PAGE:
Mention the two words “team building” at work, and chances are people will sigh. They’ll roll their eyes. They’ll come up with excuses why they can’t make it that day. That’s because anyone who’s worked in a corporate environment knows that team building exercises are often synonymous with forced, awkward fun. They have a bad rap.
And yet, research shows that team building is actually a smart investment for leaders and employees alike, as they:
But here’s the thing: not all team building activities are created equal. If you want something that truly makes an impact, you’ll have to think beyond the old company picnic.
So without further ado, here are some of our favourite team building exercises, starting with those you can do right in your office (or coworking space) and more adventurous tips for those looking to step out of their desks.
And if these are not still enough to get you out of your picnic plans, we've also added in our top picks for Stockholm, Helsinki, Oslo and Copenhagen.
Essentially, it’s about seeing who knows the most about your office space. You create a bunch of index cards, each containing a question about your environment. It can be simple (what is the coffee machine brand) or requiring some serious recalling (how many drawers are there in total?). It’s guarantee to get people talking, debating, and ideally, sharing a good laugh about something neutral, yet engaging.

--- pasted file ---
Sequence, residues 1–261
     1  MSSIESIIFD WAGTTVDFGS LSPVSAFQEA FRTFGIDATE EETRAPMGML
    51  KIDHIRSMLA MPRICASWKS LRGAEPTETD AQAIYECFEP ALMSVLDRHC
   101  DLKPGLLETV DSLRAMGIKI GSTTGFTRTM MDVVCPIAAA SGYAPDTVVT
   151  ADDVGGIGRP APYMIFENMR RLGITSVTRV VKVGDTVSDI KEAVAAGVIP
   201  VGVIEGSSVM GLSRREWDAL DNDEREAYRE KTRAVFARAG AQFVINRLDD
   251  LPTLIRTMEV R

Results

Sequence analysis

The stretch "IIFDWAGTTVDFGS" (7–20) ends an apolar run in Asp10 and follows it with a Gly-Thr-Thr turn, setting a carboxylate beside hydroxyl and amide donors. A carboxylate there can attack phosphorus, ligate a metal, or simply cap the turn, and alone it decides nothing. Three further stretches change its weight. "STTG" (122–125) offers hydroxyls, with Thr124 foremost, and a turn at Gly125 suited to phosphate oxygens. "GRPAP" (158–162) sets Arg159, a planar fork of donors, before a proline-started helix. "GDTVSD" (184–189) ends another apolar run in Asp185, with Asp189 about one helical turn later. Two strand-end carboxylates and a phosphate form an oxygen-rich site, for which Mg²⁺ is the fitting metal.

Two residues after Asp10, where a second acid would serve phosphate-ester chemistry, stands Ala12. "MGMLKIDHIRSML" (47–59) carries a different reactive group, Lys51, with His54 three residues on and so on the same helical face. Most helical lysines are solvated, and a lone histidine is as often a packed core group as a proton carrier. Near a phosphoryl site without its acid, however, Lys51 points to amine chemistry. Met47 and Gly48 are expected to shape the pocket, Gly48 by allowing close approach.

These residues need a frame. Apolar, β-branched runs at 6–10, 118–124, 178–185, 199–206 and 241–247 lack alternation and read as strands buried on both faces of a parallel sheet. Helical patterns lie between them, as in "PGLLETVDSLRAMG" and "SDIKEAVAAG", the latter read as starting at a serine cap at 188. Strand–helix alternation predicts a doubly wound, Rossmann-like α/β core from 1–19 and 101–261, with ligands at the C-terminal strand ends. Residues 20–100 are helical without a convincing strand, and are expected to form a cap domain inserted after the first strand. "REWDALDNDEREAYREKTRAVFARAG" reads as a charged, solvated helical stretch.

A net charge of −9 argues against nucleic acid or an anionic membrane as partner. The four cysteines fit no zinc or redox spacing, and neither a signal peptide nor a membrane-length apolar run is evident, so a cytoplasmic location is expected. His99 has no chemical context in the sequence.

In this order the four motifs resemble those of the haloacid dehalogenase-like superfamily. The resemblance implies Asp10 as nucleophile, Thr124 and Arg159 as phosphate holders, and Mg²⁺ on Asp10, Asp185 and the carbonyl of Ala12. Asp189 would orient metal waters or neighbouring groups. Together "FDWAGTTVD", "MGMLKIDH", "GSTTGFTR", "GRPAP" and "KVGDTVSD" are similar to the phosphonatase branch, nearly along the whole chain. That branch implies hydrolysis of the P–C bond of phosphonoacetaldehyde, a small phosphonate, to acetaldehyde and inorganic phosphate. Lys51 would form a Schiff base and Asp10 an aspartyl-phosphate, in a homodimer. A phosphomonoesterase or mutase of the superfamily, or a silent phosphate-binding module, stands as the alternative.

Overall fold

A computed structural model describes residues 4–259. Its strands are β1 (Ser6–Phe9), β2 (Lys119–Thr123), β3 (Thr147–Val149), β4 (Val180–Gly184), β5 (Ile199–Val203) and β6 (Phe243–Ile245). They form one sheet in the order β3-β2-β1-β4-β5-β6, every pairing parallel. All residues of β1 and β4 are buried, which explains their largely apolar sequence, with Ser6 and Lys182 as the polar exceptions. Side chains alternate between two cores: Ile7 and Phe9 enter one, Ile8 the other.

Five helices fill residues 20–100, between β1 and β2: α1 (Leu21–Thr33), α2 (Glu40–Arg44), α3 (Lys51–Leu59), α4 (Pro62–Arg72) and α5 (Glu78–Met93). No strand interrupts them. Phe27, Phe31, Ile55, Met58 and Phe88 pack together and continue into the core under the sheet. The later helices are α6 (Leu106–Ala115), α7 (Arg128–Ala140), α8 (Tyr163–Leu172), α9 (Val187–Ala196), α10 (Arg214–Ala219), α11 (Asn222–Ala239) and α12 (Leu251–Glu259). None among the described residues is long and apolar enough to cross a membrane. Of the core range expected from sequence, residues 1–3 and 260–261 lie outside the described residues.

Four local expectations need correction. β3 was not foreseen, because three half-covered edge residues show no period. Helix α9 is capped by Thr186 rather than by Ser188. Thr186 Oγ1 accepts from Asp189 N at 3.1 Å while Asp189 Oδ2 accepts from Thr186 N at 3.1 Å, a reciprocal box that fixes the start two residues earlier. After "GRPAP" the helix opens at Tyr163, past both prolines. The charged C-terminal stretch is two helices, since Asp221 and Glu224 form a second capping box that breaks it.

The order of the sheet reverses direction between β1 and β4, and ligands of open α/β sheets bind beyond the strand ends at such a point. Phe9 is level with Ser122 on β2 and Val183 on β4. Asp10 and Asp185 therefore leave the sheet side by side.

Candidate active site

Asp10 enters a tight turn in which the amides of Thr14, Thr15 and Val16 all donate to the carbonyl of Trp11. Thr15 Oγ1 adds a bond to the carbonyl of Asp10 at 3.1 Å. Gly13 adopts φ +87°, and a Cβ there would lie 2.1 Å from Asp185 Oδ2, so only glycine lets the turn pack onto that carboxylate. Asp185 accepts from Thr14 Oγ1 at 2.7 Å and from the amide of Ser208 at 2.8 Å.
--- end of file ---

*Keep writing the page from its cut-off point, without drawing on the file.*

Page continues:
This one actually has a very strategic goal, but it doesn’t mean it can’t be fun. Essentially it’s about imagining what each department (or the company as a whole) could make headlines for in the future. It’s a great way to engage employees and help them feel part of something that could make an impact in the long term.
It’s a super flexible activity, because you can do it in groups or let individuals come up with their newspaper headlines. You can get people to cut the words from actual newspapers for a more craftsy DIY affair too.
Timelines are a great visualization tool, and they can also turn into a cool collaborative exercise. Here’s how it works: you draw a long horizontal line on a whiteboard or pinboard, and let people mark important dates for them and their relation with the company.